Perhaps as a way to convince himself that he did not have a problem with drugs and alcohol, Matt -- along with Alexis -- would occasionally remain intentionally sober for stretches of time, ranging from one week to one month. Here, Matt and Alexis would hyper-focus on themselves, isolating from interacting socially with others unless Matt was playing a show, which allowed them to model behavior for each other during these short stretches of sobriety. Of this mentality, Skjælaaen (2016) warns, “Dry spells as a theme of conversation signals that people are heavy drinkers” (p. 259). Going on, Skjælaaen (2016) points out that the toxic impact on the physical body as well as mental sharpness can take a significant toll, so when an alcoholic can commit to periods of sobriety, they do so with a great deal of pride. Not only is it something that couples like Matt and Alexis can cling to, it is something their audience can applaud as well. Skjælaaen (2016) writes, “Stories of abstinence are readily told and they are well-accepted by others, as listeners often react with a ‘good for you’” (p. 260). Here, again, is the echo-chamber of those engaging in deviant and toxic behavior allowing the cycle of denial to be perpetuated as they all can point to their ability to “stop whenever they want to” as evidence that they are not alcoholics or under the control of their impulse to engage in risky behaviors.
Matt was the author of this paper’s best friend for ten years and as she watched his steady decline into base and destructive behavior, her heart broke. She -- along with other mutual friends -- were not able to overpower the appealing models that fed the Steve Dave persona and gave him life. Matt wanted to shed the version of himself that was genius-level and dumb himself down to a stereotype that he felt would give him more social credibility while allowing him to overcome -- or perhaps outright ignore -- his crippling social anxiety and bouts of depression. Those were Matt problems, not Steve Dave’s. Steve Dave was there to party and nothing more. For Matt, slipping into the skin of his alter-ego opened up his world, released him from the trappings of introversion and feelings of self-loathing or unworthiness and allowed him to be a powerful, charismatic social force. By modeling the behaviors and expectations of a specific social scene, Matt was able to have more sex, feel more valued, and numb out the feelings of inadequacy that besieged him otherwise. As Courtney & Hanson report, “Loneliness and poor sense of self are psychological risk factors” (p. 60). Likewise, McClellan (2017) echoes, “Psychiatrists did not necessarily focus on excessive drinking as the primary problem. Instead, they generally identified underlying emotional conflicts or weaknesses to which excessive drinking was a maladaptive response or symptom” (p. 121-122). Matt abused drugs and alcohol as a means to travel out of his own skin and into that of the person he thinks he would rather be in order to feel “normal.” He learned to do so by retreating so far inward that a persona pushed outward and adopted the characteristics that he thought would make him popular with his new friends.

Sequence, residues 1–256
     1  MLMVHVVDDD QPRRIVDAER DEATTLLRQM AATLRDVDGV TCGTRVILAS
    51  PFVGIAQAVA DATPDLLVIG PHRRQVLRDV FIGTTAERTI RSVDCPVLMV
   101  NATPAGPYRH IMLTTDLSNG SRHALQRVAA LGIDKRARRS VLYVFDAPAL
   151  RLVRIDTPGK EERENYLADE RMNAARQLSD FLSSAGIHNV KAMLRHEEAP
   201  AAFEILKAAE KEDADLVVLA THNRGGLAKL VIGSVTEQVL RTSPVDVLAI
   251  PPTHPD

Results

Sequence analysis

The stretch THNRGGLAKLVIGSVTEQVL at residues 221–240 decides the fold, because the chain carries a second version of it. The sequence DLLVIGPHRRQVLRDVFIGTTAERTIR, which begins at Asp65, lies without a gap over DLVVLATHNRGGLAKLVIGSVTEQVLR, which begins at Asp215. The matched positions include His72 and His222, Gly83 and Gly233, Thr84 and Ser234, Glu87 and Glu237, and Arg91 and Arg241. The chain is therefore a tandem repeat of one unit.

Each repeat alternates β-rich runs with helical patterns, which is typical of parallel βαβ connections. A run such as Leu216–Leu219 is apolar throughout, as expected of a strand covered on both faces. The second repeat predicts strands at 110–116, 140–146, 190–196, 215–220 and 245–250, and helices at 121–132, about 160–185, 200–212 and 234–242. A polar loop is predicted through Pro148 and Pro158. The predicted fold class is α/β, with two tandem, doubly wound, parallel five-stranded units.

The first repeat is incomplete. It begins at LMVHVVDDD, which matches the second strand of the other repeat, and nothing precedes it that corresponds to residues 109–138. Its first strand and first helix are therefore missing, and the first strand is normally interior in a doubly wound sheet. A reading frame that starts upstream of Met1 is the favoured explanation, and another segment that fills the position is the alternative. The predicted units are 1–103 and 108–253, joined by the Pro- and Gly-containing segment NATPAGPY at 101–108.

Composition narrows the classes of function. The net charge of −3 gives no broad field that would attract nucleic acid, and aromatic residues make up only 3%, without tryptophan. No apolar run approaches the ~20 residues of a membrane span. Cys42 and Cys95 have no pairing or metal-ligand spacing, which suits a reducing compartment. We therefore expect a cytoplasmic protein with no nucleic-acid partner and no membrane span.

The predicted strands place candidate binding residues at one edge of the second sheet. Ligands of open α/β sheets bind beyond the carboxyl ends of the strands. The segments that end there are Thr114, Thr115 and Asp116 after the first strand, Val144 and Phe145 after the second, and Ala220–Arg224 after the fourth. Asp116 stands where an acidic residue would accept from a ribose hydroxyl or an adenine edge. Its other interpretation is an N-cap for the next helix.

To that end, McClellan (2017) writes, “Men who relied on alcohol in the hope that its masculine connotations would compensate for feelings of confusion and inferiority risked becoming alcoholics” (p. 124). The scary truth is that 30% of suicides are committed by those who struggle with that dangerous cocktail of depression and alcoholism (Courtney & Hanson, 2014). In many ways, self-abuse through excessive drinking and drug use is little more than a slow suicide.
Alcoholism is one disease that is widely believed to have no cure (Courtney & Hanson, 2014). That seems to be doubly true for a case like Matt’s where denial features so heavily. For him, he feels balanced in what he has selectively chosen to model as normal behavior for the world of Steve Dave. Without any sense of ownership of his own deviant and destructive behaviors, Matt seemingly carries on with willful ignorance to the damage he is inflicting on his physical mind and body as well as on his spiritual core. Perhaps someday, he will take ownership of his choices and seek new behaviors to model in order to eliminate drugs and alcohol from his lifestyle and take ownership of the decisions he has made along the way. Perhaps he will morph more and more into Steve Dave and everything that was Matt will shrink to nothing. Ultimately, those choices are his to make. In the meantime, Matt’s struggles with drug and alcohol abuse will continue to plague both his inter- and intrapersonal relationships as he erroneously seeks the “rewards” of deviant behavior over making healthier life choices.
Anderson, L. (2017). Positivistic theories of deviant behavior. Deviance: Social Constructions and Blurred Boundaries, pp. 49-79. Univ of California Press.
Courtney, D and Hanson, M. (2014). Alcoholism and other drug addictions. Handbook of social work practice with vulnerable and resilient populations, pp 54-72. Gitterman, A. (Ed.). Columbia University Press.
Guo, G., Li, Y., Wang, H., Cai, T., & Duncan, G. J. (2015). Peer influence, genetic propensity, and binge drinking: A natural experiment and a replication. American journal of sociology, 121(3), 914-95.
Hutchison, E. D. (2019). Dimensions of human behavior: The changing life course. Sage Publications.
McClellan, M. L. (2017). A special masculine neurosis: psychiatrists look at alcoholism. Lady lushes: Gender, alcoholism, and medicine in modern America, pp. 119-140. Rutgers University Press.
McLeod, S. A. (2016). Bandura-social learning theory. Retrieved from https://www.simplypsychology.org/bandura.html
Skjælaaen, Ø. (2016). How to be a good alcoholic. Symbolic Interaction, 39(2), 252-267.
Research paper written in pursuit of my MSSA (2020)